The play I Never Saw Another Butterfly is based off of the real life stories of children in the Holocaust. The setting of the play takes place in Terezin in the early 1940′s. The story begins with the sound of an abrupt loud speaker. The voice of a German Nazi is audible to the audience. The man announces the deaths and arrivals of Jews to Auschwitz. Trains to and from Auschwitz carried hundreds of Jews to prepare for their demise. There they would be gassed, piled, and burned. While in waiting, Jews in the concentration camps of Terezin were abused. They had their heads shaved, their belongings taken, and their dignities robbed from them. Each Jew was given a number, that number would be tattooed to their arm and serve as identification. No longer were the Jews called by name, but rather degraded and identified by a number. Each and every day families were torn apart. The loudspeaker was used for the calling of the Jews who would be prepared to lose their lives. The play itself focuses on one distinct character, Raja Englanderova. Raja a girl of only sixteen years of age, lost her father, mother, and two brothers during the Holocaust. She was then sent to Terezin where she would be held until her number was called. Terezin was merely a holding place for her, and many others. The camp had an abundance of disease, rats, lice, and was home to thousands of starving Jews. Throughout her stay, Raja came in contact with a humble and loving teacher by the name of Irena Synkova who showed Raja that there is hope. Raja eventually began speaking more frequently and expressing herself through poetry and drawings. One poem of which the play received its name from is called I Never Saw Another Butterfly. The poem symbolizes the feeling of having nothing left. The feeling of being alone and hope being nothing but a word in which is used by very few. Raja faces numerous struggles throughout the play. She falls in love, creates bonds, and finds her strength… all in which is one day taken away from her.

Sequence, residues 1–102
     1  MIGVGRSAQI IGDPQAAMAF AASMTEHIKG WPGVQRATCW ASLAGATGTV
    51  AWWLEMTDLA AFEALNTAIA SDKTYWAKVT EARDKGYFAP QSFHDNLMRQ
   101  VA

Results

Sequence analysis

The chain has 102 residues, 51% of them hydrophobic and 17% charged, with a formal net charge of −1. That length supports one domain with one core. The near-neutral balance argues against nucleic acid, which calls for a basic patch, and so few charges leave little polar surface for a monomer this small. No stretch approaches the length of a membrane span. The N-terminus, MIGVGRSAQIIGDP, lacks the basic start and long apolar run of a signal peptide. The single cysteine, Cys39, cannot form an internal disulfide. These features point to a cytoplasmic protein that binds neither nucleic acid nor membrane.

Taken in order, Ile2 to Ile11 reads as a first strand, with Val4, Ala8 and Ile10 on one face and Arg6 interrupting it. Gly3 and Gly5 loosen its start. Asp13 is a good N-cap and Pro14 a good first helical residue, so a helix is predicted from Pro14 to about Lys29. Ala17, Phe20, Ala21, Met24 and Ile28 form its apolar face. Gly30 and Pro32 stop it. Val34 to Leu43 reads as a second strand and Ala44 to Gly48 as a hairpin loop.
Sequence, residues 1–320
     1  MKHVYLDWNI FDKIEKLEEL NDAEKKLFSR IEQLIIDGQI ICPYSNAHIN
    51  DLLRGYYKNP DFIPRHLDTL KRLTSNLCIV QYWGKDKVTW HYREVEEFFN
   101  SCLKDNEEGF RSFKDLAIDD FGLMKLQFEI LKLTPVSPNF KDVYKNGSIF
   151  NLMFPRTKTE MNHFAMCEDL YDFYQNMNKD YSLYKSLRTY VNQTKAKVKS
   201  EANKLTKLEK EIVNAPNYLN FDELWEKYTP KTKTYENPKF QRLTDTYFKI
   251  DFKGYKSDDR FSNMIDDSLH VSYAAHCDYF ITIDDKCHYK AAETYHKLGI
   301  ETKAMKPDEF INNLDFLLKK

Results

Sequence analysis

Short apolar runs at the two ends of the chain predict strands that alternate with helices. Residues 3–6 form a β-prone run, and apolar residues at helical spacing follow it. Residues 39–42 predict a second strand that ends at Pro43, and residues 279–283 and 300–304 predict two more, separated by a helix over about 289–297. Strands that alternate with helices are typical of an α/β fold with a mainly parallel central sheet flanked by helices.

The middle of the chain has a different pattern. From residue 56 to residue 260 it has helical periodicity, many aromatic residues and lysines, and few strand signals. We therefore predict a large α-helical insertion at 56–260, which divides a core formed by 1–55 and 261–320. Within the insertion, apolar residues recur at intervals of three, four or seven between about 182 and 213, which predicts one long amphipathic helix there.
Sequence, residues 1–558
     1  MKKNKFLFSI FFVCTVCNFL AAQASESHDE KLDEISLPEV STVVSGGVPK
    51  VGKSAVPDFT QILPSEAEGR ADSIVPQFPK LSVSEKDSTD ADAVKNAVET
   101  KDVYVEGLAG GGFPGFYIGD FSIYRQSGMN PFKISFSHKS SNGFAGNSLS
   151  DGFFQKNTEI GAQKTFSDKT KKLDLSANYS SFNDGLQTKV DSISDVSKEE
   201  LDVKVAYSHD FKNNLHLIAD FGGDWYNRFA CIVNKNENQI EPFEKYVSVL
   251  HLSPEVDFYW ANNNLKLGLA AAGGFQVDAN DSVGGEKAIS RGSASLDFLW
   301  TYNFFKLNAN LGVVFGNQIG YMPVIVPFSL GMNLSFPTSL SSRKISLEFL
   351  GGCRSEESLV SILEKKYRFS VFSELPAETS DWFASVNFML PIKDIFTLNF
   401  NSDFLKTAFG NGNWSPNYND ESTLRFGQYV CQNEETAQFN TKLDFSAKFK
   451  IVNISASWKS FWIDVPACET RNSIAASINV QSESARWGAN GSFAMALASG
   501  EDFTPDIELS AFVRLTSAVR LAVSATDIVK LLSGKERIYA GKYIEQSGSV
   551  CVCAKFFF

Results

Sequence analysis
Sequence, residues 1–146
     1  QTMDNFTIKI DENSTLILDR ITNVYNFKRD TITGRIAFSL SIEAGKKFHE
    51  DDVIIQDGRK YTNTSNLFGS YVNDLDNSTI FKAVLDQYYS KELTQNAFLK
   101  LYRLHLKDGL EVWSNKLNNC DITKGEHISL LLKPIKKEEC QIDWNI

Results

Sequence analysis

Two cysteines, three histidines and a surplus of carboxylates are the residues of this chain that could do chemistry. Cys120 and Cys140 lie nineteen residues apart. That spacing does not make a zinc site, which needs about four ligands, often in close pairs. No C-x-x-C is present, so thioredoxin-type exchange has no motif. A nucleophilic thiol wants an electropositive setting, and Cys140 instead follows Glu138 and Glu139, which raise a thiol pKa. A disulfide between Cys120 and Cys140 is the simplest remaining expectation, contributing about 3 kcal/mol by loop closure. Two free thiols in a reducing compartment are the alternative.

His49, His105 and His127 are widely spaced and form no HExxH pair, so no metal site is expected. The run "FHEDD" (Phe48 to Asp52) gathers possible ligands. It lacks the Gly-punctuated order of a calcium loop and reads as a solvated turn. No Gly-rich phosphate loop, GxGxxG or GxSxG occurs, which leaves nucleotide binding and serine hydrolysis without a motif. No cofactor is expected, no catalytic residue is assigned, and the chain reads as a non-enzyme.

Text to self:
Here the weak die easy as a feather And when they die, they die forever. I’d like to go back home again. It makes me think of sweet spring flowers.
I remember the feeling of walking through my grandfather’s nursing home. When I first stepped in the door, I could smell the collective odors of the patients that inhabited. It wasn’t like any smell, it was intense. It made my nose wrinkle, and my eyes water. It was the smell of death. Upon my first breath in that hospital, my heart sank. I was but eleven years old, but I knew exactly why my grandfather was there. I knew that throughout his stay he would only get worse. I knew that no matter how long I visited with him, no matter what I said to him, that the outcome would be the same. The same for him, and the same for everyone in his position. Death. The patients being tended to and cared for by the nurses as I walked by appeared to be so lost. Their eyes were lost in another world. It was like their youthful spirits no longer inhabited their elderly bodies. They were walking corpses. They were weak. All I wanted to do, was get my grandfather out of there and take him home to the smells of comfort and well-being.
IRENA Waiting days are long days, Raja. You would learn to stop thinking of tomorrow and to keep alive today. That’s the secret of waiting— remember that—to keep alive today. RAJA Part of me would always be waiting. IRENA Then you would do what we all learn to do to make waiting bearable.